Afternoons were easy. I am not one of those travel bloggers who would intently write down names of all the cafes they have frequented or jot down the name of that restaurant where they ate that fabulous chicken masala. I am a nomad. And I take that to the most literal sense. I am a wayfarer. I start threading with no expectations so every sight would be a sweet surprise. I stop when I feel like it, I sit if I feel the music is of my taste. I enter a restaurant just because at that second I craved a banana lassi. As an avid solo traveler, I spent all afternoons eating at random places listening to stories of the most interesting random people I meet. One of my favorite things Nepal offered me was their food. Yak spring rolls.Yak momos. Curry. Lots and lots of curry. Beans. Spices. One time I was even fed Yak Blood Sausages. Pretty interesting I might say. My piece of advice is, eat. Eat as much as you want. Be brave to eat street food. My favorite was the pani puri. It was a concave shell that had spicy water in it - just don’t ask me where the water came from. But if you can get the courage to eat that and not wind up in the hospital 5 hours after, I promise you, you can eat absolutely anything off the streets. I stayed 5 days at the Thamel area of Kathmandu. I would say it was the most convenient place for young tourists of the capital. Stores were everywhere, trinkets were easily found on every corner. It was a melting pot of restaurants and different pubs. If you think venturing a chinese town would test your haggling skills, you have not been to the streets of Nepal. A friend was able to bring down a price of a painting from 20,000 Nepali Rupee to 5,000 Nepali Rupee. Imagine that. There are no price tags on most clothes. So muster those “i will pretend I will walk away” skills. Oh have I not mentioned the numerous yoga retreats along the streets, yet?
Night times were my favorite. There was a local liquor shop I would naturally pass on my way to the main Thamel Road. The shop was called Z store. No matter what time of day you will be greeted with a chirpy “Good Morning” by the shop owner. The owner would befriend all the tourists and passersby (I eventually found myself sitting behind the counter helping him sell his liquor - or drink his liquor for free). Pubs were everywhere. Blues bands frequented the streets every night. I quickly became a groupie of the Ashesh blues band that played in Maya Pub. It was so easy to jump from one bar to the other. They all serve good food too and since Nepal night life started early, it was safe to eat dinner while listening to the band at the same time. As a consequence, you can expect pubs close at 11 easy.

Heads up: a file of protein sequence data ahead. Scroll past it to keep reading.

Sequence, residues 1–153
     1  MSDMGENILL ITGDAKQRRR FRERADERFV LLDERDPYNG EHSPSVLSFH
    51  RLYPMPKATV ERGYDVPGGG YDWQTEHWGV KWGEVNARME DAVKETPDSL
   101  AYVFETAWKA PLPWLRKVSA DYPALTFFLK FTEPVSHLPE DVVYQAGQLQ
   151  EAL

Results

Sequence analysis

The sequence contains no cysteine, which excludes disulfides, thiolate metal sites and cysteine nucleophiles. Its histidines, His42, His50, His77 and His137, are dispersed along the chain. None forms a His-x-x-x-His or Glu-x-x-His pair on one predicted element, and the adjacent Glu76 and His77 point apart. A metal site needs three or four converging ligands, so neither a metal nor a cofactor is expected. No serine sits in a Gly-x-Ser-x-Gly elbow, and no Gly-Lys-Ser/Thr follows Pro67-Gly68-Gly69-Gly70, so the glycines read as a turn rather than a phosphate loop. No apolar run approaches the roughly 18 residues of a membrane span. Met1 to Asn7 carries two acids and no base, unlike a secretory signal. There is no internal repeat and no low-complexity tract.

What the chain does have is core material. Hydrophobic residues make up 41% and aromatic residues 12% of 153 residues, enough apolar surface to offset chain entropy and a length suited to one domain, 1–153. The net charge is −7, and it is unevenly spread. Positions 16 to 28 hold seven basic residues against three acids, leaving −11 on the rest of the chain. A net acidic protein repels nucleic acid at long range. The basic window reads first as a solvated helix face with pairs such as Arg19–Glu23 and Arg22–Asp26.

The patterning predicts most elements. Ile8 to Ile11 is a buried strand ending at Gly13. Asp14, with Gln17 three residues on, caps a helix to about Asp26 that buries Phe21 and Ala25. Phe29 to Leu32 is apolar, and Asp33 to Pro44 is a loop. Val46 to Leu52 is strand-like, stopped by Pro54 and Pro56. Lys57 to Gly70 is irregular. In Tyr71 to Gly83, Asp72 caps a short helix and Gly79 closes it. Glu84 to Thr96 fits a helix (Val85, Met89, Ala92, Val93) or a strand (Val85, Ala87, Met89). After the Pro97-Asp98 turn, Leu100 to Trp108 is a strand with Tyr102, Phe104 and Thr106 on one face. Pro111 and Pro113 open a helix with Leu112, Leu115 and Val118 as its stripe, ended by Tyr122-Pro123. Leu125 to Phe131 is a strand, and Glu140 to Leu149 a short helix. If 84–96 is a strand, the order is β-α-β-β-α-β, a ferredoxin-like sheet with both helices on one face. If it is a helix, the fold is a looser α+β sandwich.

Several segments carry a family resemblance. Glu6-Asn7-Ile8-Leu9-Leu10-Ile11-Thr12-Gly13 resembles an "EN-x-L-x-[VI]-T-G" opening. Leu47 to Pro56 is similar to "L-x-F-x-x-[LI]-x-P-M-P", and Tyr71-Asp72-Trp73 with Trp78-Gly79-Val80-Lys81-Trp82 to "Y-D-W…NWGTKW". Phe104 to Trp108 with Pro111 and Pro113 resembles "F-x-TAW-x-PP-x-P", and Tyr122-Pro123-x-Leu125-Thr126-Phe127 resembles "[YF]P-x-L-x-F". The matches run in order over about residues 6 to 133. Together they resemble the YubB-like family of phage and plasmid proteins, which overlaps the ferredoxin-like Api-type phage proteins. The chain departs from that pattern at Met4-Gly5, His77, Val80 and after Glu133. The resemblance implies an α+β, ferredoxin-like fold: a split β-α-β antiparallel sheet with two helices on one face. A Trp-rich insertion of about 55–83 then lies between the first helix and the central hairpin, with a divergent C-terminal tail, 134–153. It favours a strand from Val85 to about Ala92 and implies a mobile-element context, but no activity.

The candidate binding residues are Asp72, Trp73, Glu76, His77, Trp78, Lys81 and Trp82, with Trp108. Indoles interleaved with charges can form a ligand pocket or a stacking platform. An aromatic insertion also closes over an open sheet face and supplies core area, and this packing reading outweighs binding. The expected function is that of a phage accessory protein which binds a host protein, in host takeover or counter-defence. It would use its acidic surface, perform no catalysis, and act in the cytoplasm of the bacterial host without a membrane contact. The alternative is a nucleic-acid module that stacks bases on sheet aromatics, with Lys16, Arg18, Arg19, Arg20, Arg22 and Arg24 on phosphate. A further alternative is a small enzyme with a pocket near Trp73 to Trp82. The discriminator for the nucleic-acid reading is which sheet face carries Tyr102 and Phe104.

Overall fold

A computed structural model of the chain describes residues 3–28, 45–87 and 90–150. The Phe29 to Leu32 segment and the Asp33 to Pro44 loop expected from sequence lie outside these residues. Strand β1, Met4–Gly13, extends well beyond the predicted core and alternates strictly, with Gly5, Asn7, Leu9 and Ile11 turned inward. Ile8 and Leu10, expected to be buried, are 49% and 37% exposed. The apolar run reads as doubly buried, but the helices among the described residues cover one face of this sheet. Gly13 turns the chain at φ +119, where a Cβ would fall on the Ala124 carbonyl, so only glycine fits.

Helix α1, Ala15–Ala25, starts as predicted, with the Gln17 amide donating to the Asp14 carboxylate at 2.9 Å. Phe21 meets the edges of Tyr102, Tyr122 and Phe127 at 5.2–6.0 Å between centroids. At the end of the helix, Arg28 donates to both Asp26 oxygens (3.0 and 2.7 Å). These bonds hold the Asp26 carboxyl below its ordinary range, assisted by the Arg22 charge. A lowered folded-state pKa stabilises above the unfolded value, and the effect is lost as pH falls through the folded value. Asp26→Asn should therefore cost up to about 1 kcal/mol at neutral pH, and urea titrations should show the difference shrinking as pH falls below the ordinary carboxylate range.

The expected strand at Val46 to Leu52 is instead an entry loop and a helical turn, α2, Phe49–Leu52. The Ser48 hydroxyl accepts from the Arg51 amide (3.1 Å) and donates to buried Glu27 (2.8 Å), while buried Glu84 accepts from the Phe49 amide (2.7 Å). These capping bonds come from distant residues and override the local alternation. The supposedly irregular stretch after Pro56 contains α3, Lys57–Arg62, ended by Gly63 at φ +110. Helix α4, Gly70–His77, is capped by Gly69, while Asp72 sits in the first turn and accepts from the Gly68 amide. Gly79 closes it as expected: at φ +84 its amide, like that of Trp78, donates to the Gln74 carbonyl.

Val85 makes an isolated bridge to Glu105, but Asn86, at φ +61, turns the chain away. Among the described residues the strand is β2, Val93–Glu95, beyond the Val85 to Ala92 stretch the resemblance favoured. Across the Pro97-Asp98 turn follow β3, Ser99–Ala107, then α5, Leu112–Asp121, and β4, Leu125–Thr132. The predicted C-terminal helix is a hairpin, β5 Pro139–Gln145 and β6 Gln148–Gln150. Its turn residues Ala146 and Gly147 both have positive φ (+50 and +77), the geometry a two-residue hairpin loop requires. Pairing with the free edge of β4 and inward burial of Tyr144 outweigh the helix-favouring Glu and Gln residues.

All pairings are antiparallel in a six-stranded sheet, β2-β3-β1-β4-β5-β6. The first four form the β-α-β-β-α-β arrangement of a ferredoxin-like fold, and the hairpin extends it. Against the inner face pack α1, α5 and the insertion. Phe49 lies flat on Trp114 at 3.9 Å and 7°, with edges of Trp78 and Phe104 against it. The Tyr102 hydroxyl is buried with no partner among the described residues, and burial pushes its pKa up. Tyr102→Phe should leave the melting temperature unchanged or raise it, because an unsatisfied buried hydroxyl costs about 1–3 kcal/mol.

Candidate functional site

When my volunteer stint finished, I moved to the Boudha area. A less populated area compared to Thamel. Hotel Shambaling was a walking distance to the Boudha Stupa. The largest stupa outside china. I would have frequent sunset walks around. Watching the locals pray. Every morning I would be woken up by the sound of the monks’ chant. It was rather therapeutic. I felt at peace. My last weekend was spent randomly signing up for a whole day outdoor rock climbing activity at the Shivapuri Nagarjun National Park and signing up for a whole day tour to the Ancient Kingdoms of Patan and Bhaktapur. The kingdoms were simply breath-taking. It was like stepping back in time and walking through the perfectly preserved alley ways and temples. It was such a spectacle. I simply could not put down my camera.
My 8 days spent in this city were etched in my heart. Sure, the constant honking of motorbikes and vehicles tested my patience. Sure the vendor pestering to buy the running shoes I was wearing at that time annoyed me a bit but I would book another ticket to that city in a snap. The people, the food the sights were one that touched my soul. To the Land of Never Ending Peace and Love, “Dhanyabad and Pheri Bhetaui!”